Picture of person typing on laptop with programming code visible on the laptop screen

World class computing and information science research at Strathclyde...

The Strathprints institutional repository is a digital archive of University of Strathclyde's Open Access research outputs. Strathprints provides access to thousands of Open Access research papers by University of Strathclyde researchers, including by researchers from the Department of Computer & Information Sciences involved in mathematically structured programming, similarity and metric search, computer security, software systems, combinatronics and digital health.

The Department also includes the iSchool Research Group, which performs leading research into socio-technical phenomena and topics such as information retrieval and information seeking behaviour.

Explore

A modular multilevel based high-voltage pulse generator for water disinfection applications

Elgenedy, Mohamed A. and Badawy, Ahmed and Ahmed, Shehab and Williams, Barry W. (2016) A modular multilevel based high-voltage pulse generator for water disinfection applications. IEEE Transactions on Plasma Science. ISSN 0093-3813 (In Press)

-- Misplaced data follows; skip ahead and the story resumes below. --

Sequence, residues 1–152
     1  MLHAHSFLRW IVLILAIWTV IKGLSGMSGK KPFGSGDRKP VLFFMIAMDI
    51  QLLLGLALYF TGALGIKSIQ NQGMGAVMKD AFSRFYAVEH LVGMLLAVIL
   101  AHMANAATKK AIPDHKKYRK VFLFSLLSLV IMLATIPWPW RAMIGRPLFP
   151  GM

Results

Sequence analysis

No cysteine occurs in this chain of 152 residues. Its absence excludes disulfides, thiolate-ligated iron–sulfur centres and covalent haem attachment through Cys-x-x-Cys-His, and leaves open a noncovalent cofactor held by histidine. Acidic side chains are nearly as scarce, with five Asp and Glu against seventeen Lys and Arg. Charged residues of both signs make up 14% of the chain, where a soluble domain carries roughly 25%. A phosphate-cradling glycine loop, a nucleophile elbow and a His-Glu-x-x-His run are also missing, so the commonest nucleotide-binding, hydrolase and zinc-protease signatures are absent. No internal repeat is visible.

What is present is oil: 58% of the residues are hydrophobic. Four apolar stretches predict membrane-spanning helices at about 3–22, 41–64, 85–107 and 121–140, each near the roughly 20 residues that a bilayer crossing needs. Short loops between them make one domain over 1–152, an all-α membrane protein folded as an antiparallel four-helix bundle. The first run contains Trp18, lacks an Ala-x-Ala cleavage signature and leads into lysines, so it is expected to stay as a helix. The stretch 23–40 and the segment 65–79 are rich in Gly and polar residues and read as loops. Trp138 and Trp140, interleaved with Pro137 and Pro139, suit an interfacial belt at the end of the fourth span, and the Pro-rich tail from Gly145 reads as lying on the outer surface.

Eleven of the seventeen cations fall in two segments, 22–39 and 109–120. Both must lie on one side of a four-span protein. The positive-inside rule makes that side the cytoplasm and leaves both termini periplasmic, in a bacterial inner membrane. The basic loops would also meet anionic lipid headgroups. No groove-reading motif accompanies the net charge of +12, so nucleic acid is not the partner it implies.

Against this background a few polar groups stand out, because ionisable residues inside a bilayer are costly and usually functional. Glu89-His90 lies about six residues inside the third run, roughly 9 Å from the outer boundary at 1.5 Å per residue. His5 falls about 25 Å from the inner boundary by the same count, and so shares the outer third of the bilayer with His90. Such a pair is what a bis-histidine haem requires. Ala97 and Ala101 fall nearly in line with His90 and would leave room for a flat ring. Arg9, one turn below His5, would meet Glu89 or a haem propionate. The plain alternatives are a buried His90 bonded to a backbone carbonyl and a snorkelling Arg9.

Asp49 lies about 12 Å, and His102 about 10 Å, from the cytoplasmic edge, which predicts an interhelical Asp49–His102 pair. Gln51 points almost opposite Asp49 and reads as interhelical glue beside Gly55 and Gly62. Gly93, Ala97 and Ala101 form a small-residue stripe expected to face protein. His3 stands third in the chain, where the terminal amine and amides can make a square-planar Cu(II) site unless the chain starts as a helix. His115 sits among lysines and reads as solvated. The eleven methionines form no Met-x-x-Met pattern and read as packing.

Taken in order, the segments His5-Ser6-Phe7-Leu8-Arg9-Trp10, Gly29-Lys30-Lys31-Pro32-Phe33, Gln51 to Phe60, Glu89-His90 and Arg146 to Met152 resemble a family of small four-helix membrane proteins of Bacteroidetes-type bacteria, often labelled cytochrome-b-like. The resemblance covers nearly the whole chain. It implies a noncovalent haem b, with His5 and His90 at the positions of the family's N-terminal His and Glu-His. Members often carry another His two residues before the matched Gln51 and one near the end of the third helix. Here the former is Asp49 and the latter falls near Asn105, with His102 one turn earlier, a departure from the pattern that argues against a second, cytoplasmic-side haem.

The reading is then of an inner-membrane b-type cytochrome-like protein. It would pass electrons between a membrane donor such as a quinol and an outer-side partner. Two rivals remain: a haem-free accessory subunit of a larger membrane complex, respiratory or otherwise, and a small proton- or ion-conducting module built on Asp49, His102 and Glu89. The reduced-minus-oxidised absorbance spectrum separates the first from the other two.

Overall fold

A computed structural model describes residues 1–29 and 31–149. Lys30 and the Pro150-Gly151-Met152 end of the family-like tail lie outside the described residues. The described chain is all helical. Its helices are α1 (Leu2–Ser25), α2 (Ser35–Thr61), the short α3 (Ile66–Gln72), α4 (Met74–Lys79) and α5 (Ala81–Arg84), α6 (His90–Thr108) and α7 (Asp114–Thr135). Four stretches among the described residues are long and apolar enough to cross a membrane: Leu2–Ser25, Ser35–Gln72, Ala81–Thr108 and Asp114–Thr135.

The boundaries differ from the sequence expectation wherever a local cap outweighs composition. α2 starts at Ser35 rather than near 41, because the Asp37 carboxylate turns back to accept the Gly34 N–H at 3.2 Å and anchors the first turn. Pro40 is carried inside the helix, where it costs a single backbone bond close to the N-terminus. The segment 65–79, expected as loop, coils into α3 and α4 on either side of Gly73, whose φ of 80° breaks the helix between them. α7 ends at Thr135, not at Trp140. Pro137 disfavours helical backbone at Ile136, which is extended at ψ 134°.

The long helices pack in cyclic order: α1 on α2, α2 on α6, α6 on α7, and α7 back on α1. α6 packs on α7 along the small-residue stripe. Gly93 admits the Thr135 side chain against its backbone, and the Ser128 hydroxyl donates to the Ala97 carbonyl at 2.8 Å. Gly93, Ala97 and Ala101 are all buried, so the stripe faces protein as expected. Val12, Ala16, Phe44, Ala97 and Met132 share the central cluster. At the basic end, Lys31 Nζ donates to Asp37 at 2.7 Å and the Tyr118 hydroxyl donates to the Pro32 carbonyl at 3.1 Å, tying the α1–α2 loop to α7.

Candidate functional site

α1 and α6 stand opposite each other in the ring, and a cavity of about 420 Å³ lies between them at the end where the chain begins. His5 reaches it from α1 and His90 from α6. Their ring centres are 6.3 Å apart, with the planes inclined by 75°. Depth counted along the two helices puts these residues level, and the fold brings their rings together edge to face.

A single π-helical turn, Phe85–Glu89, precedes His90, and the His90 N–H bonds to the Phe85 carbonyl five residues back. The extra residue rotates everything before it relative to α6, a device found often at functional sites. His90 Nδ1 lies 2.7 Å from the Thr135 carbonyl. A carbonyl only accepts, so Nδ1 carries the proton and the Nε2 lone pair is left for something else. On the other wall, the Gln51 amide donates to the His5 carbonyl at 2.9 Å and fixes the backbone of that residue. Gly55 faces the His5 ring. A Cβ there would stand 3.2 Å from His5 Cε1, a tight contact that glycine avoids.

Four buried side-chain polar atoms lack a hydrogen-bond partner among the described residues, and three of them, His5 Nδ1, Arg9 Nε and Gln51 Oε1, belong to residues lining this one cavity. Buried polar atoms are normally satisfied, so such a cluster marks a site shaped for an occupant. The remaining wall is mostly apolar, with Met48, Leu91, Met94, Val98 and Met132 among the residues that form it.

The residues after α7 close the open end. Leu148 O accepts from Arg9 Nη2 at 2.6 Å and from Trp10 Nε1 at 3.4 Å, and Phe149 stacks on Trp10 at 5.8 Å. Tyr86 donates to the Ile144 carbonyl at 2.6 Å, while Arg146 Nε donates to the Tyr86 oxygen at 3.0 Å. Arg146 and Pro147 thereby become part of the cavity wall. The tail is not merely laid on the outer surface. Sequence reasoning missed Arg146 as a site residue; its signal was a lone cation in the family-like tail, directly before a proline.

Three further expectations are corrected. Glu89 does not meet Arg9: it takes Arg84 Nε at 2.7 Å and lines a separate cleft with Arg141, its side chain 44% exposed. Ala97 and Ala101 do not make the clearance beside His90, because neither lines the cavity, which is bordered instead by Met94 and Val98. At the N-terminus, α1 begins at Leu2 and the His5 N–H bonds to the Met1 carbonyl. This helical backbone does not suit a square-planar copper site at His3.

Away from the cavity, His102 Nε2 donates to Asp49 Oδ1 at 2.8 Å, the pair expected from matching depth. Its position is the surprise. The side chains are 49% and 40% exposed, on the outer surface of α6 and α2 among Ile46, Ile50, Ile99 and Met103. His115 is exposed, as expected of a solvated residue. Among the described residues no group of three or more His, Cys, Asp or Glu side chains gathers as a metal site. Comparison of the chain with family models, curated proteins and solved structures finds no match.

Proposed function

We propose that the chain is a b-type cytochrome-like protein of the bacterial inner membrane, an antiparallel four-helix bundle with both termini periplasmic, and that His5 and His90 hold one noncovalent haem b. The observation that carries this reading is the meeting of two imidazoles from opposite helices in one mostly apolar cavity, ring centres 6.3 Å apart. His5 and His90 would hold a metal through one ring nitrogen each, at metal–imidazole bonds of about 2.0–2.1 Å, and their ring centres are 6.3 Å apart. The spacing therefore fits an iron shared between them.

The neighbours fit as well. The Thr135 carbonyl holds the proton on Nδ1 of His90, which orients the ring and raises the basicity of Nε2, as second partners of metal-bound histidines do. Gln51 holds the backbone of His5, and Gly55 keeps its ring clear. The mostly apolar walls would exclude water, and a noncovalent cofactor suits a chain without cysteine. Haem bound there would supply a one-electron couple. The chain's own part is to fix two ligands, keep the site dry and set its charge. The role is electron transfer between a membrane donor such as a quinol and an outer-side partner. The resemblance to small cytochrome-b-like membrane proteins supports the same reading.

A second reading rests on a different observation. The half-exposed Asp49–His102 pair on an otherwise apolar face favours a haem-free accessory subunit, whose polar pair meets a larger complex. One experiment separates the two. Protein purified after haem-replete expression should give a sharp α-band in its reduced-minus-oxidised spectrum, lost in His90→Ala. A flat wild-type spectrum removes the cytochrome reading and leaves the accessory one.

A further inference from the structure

[img]
Preview
Text (Elgenedy-etal-IEEETPS2016-modular-multilevel-based-high-voltage-pulse-generator-for-water-disinfection)
Elgenedy_etal_IEEETPS2016_modular_multilevel_based_high_voltage_pulse_generator_for_water_disinfection.pdf - Accepted Author Manuscript

Download (2MB) | Preview

Abstract

The role of irreversible electroporation using pulsed electric field (PEF) is to generate high voltage (HV) pulses with a predefined magnitude and duration. These HV pulses are applied to the treatment chamber until decontamination of the sample is completed. In this paper, a new topology for HV rectangular pulse generation for water disinfection applications is introduced. The proposed topology has four arms comprised of series connected half H-bridge modular multilevel converter cells. The rectangular pulse characteristics can be controlled via a software controller without any physical changes in power topology. The converter is capable of generating both bipolar and monopolar HV pulses with micro-second pulse durations at a high frequency rate with different characteristics. Hence, the proposed topology provides flexibility by software control, along with hardware modularity, scalability, and redundancy. Moreover, a cell's capacitance is relatively small which drastically reduces the converter footprint. The adopted charging and discharging process of the cell capacitors in this topology eliminate the need of any voltage measurements or complex control for cell-capacitors voltage balance. Consequently, continuity of converter operation is assured under cell malfunction. In this paper, analysis and cell-capacitor sizing of the proposed topology are detailed. Converter operation is verified using MATLAB/Simulink simulation and scaled experimentation.